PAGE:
When and why was the Southeast Community Facility (SECF) built?
Led by the big six – Dr. Espanola Jackson, Harold Madison, Eloise Westbrook, Ethel Garlington, Shirley Jones, and Alex Pitcher – Bayview-Hunters Point residents successfully advocated for a mitigation agreement with the City and County of San Francisco to lessen the adverse environmental and social impacts of the expansion of the Southeast Water Pollution Control Plant during the 1970s and 1980s. This agreement stated that the construction of the SECF would be “a reasonable, necessary and appropriate means for mitigating the negative impacts associated with the plant’s expansion.” This facility benefits the community by providing meaningful economic and workforce development opportunities through educational programs, hands-on-training and job opportunities.
Who owns the community center?
The San Francisco Public Utilities Commission (SFPUC) owns the Southeast Community Facility which houses many tenants that benefit the Bayview-Hunters Point community. In addition, the SECF Commission provides guidance for programs at the facilities and serves as a community forum to promote job training, educational and event opportunities for all Southeast residents. The seven SECF Commissioners are appointed by the mayor.
For a full legal history, visit the history page.
Southeast Community Facility
How did you choose the current tenants?
Originally, City College leased the entire SECF in 1987. By the mid-1990s, City College began subleasing space to various organizations including Human Services Agency, Renaissance Parents of Success and Hunters Point Family. In 2011, after hearing concerns regarding the need for additional programming to serve more residents, the SFPUC initiated a community engagement process to gain a better understanding of what was working at the SECF. Over 100 faith-based, private, public and nonprofit sector leaders and community members provided their opinions. The results were clear. The SECF needed physical renovations and enhanced programming to truly serve as a community asset.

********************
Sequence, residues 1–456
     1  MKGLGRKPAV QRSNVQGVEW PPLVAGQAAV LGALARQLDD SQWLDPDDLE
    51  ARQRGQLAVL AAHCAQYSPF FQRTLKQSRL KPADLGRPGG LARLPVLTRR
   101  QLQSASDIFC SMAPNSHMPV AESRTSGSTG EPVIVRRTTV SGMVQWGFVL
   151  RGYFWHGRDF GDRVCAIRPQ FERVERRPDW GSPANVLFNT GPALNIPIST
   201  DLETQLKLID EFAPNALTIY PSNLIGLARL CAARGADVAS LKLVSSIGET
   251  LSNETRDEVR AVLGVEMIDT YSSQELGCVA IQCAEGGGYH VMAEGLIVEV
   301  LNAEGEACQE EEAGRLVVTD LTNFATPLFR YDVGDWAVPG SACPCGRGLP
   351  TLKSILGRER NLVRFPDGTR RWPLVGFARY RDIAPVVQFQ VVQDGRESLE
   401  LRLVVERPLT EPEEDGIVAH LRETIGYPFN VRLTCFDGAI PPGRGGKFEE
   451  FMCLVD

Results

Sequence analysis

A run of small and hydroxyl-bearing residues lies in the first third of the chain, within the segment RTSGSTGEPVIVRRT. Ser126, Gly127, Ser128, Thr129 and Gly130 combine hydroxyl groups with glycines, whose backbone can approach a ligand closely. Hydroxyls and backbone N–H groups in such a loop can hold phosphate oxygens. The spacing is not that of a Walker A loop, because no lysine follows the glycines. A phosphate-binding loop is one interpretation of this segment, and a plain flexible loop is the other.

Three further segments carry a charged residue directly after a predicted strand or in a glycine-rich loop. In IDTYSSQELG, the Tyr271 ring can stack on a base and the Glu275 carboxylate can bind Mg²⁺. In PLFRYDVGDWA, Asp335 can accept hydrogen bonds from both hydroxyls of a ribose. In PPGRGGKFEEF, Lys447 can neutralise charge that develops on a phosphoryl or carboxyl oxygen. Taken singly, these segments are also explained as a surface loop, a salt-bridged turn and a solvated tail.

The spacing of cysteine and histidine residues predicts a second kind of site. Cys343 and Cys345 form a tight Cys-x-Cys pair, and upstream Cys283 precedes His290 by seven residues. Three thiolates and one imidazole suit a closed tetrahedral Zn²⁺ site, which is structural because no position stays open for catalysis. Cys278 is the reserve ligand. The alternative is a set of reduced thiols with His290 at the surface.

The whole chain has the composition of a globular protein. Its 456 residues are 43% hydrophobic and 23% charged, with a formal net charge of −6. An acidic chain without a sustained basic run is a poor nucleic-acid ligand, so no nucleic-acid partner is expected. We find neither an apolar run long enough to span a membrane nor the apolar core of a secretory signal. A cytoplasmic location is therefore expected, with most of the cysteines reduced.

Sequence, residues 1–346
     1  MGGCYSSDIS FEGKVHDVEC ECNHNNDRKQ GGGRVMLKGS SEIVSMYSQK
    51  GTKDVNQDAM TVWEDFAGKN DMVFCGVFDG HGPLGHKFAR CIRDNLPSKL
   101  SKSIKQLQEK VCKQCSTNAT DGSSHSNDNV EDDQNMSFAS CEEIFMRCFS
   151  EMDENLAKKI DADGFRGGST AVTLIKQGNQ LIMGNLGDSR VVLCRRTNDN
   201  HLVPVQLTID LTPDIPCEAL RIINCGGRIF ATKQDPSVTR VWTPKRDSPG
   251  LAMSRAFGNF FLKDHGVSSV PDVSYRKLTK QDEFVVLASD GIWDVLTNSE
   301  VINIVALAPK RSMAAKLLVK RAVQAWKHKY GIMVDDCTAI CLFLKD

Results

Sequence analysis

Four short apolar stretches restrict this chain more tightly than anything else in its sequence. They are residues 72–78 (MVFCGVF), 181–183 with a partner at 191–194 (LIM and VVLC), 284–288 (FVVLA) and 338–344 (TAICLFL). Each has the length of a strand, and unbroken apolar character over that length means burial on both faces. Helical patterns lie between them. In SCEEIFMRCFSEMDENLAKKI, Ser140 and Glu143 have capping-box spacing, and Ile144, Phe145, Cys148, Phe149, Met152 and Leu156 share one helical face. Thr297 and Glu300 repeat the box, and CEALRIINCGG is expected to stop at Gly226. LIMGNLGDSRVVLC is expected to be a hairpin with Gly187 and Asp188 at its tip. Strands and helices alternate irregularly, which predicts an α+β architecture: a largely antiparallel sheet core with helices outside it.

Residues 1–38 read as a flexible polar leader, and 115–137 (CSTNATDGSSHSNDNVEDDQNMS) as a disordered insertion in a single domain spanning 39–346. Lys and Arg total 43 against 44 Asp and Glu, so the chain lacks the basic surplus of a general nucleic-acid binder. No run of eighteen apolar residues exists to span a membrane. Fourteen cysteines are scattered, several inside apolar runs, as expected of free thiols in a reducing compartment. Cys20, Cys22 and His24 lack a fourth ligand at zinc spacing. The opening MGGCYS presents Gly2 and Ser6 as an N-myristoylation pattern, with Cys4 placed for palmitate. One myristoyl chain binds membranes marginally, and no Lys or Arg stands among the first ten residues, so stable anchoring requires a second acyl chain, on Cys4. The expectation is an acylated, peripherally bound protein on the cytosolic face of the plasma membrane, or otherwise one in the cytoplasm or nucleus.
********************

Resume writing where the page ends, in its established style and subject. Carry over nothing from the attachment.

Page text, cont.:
Next, a tenant mix was identified that included existing tenants and Five Keys Charter School. Five Keys officially joined as a tenant when renovations of the community center’s Phelps Wing added new classrooms. Wu Yee’s Children’s Services was welcomed in 2014 when Head Start, a tenant of the SECF since 1990, selected Wu Yee Children’s Services as their provider through a competitive process.
What services are currently offered at the Southeast Community Facility?
Please visit here for full descriptions of tenants and programming.
What is the current status of the SECF?
SFPUC embarked on an extensive six-month-long stakeholder engagement process to ask Bayview residents whether they preferred for the agency to invest in further renovations at the current SECF or construct a new Southeast Community Facility. Outreach included knocking on 2,400 doors, presenting at nearly two dozen community events, and launching a social media campaign generating 26,000 impressions. An overwhelming majority of the residents reached in this campaign lived in the 94124-zip code, and nearly half lived in the area for as long as the center was opened. Residents were very clear that they wanted the SFPUC to build a new center that honors the community legacy and historic mitigation by addressing the social, economic and environmental challenges that continue to persistent since the original SECF was built.
Now with a community-focused design complete, we are planning for a Fall 2019 groundbreaking with a new state-of-the-art community facility, slated to open in 2021. Learn more about our new home.
What will happen to 1800 Oakdale when the new building is being constructed?